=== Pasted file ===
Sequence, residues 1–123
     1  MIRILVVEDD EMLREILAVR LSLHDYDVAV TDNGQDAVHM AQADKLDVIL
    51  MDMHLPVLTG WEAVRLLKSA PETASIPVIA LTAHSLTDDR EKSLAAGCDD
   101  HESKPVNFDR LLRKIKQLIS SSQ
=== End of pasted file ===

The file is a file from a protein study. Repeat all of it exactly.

Sequence, residues 1–123
     1  MIRILVVEDD EMLREILAVR LSLHDYDVAV TDNGQDAVHM AQADKLDVIL
    51  MDMHLPVLTG WEAVRLLKSA PETASIPVIA LTAHSLTDDR EKSLAAGCDD
   101  HESKPVNFDR LLRKIKQLIS SSQ